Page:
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Assessing the vulnerability of food crop systems in Africa to climate change

Challinor, A., Wheeler, T., Garforth, C., Craufurd, P. and Kassam, A. (2007) Assessing the vulnerability of food crop systems in Africa to climate change. Climatic Change, 83 (3). pp. 381-399. ISSN 0165-0009

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To link to this article DOI: 10.1007/s10584-007-9249-0

Abstract/Summary

Africa is thought to be the region most vulnerable to the impacts of climate variability and change. Agriculture plays a dominant role in supporting rural livelihoods and economic growth over most of Africa. Three aspects of the vulnerability of food crop systems to climate change in Africa are discussed: the assessment of the sensitivity of crops to variability in climate, the adaptive capacity of farmers, and the role of institutions in adapting to climate change. The magnitude of projected impacts of climate change on food crops in Africa varies widely among different studies. These differences arise from the variety of climate and crop models used, and the different techniques used to match the scale of climate model output to that needed by crop models. Most studies show a negative impact of climate change on crop productivity in Africa. Farmers have proved highly adaptable in the past to short- and long-term variations in climate and in their environment. Key to the ability of farmers to adapt to climate variability and change will be access to relevant knowledge and information. It is important that governments put in place institutional and macro-economic conditions that support and facilitate adaptation and resilience to climate change at local, national and transnational level.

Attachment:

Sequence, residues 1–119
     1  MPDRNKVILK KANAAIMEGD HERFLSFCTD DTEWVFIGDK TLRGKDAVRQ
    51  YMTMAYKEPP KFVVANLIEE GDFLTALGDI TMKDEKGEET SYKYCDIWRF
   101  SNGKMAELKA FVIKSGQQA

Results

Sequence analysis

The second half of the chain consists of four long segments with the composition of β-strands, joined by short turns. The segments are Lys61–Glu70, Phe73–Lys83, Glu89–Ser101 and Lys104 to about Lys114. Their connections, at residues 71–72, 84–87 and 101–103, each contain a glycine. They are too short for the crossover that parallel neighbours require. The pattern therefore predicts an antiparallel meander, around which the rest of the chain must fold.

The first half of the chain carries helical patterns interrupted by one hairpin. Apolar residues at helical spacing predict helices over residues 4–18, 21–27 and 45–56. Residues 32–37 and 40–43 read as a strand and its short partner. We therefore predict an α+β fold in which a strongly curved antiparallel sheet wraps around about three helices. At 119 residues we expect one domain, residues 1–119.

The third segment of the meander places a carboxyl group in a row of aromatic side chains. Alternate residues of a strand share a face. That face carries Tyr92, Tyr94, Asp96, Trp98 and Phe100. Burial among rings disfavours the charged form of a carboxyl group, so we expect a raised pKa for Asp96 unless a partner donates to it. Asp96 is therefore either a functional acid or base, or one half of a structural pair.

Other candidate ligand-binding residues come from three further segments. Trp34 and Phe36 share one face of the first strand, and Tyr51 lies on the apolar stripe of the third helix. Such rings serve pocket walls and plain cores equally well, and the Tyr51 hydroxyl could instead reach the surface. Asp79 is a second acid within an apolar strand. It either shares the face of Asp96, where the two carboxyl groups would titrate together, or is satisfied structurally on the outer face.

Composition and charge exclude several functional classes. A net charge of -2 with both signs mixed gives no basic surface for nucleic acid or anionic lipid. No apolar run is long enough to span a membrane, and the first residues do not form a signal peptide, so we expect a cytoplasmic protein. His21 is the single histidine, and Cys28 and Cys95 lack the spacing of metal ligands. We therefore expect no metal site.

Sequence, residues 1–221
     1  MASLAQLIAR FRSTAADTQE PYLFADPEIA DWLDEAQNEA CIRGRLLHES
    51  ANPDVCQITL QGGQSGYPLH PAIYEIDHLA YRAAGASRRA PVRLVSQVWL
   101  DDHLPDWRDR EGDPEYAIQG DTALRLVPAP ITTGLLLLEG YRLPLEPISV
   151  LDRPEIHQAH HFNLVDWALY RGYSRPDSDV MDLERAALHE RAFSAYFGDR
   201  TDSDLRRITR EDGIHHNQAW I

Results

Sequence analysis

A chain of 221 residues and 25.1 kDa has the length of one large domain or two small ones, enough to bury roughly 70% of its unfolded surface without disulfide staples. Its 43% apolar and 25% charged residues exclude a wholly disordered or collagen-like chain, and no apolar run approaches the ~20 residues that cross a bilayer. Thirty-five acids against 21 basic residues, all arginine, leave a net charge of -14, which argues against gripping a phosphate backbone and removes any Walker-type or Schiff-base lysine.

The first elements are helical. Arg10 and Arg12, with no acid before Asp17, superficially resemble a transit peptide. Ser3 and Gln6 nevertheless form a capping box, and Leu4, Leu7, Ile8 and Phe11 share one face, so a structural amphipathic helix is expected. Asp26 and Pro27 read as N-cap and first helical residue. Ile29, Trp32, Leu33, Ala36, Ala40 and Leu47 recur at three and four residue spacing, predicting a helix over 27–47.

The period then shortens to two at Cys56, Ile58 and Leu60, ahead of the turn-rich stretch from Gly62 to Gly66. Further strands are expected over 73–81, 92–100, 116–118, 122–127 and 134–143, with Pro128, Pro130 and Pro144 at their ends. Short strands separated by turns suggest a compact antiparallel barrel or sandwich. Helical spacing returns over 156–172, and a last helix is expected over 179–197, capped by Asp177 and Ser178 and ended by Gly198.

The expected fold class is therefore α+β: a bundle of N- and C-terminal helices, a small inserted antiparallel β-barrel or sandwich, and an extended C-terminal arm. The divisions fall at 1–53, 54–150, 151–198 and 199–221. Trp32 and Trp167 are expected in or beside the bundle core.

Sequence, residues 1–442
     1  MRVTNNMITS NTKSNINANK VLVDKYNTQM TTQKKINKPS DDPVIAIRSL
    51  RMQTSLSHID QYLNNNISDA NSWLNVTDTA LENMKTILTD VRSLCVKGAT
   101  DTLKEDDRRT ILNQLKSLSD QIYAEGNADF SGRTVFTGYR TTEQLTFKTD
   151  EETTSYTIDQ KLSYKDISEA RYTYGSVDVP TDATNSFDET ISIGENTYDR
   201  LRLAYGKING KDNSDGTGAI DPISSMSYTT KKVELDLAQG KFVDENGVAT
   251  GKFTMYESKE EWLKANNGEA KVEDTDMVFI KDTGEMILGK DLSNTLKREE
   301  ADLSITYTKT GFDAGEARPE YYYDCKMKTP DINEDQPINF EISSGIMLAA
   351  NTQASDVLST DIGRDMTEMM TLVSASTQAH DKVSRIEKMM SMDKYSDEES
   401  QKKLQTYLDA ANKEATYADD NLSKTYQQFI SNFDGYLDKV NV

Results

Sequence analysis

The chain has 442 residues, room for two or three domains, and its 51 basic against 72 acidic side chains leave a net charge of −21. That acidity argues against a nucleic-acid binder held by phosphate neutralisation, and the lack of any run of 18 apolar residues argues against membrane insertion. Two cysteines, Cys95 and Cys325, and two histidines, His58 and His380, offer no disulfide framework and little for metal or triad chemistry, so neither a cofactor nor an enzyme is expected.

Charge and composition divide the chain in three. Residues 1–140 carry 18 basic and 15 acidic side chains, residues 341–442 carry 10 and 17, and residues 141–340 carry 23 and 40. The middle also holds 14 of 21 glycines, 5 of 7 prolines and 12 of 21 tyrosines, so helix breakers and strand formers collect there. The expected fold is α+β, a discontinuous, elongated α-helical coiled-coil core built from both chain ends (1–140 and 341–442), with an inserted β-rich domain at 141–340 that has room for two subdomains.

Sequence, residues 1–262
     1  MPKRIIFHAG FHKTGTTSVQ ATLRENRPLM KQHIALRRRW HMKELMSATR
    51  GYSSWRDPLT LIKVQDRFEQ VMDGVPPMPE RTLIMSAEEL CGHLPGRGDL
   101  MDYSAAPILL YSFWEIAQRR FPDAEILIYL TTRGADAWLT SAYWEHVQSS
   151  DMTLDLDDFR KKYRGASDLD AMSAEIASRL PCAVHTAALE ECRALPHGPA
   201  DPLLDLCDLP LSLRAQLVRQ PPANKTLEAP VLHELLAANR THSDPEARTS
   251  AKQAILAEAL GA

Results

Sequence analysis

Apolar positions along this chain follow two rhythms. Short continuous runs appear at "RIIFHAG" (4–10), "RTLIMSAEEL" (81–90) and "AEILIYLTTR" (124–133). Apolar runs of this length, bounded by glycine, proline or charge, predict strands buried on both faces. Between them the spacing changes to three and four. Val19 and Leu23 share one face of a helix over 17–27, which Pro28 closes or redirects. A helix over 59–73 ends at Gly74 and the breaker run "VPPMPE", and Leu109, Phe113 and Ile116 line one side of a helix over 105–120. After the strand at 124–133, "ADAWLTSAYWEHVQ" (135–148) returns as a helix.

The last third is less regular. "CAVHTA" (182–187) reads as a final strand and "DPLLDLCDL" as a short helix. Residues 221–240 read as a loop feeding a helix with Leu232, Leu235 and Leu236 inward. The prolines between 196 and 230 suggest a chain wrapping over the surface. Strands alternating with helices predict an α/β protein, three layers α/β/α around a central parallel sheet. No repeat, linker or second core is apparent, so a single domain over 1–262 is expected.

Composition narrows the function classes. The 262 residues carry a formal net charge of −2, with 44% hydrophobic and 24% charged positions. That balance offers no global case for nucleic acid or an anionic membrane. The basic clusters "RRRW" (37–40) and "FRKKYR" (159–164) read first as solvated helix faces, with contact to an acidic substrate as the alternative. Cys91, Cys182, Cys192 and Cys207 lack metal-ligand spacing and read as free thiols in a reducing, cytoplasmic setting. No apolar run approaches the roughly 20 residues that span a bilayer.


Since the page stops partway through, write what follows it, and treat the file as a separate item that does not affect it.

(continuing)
Item Type:Article
Refereed:Yes
Divisions:Faculty of Life Sciences > School of Agriculture, Policy and Development
Faculty of Life Sciences > School of Agriculture, Policy and Development > Economic and Social Sciences Division > Farm Management Unit
ID Code:8378
Uncontrolled Keywords:CIRCULATION MODEL OUTPUT, SUB-SAHARAN AFRICA, CHANGE SCENARIOS, CHANGE, IMPACTS, AGRICULTURAL IMPACTS, RAINFALL VARIABILITY, SOUTHERN AFRICA, ATMOSPHERIC CO2, CARBON-DIOXIDE, WEST-AFRICA

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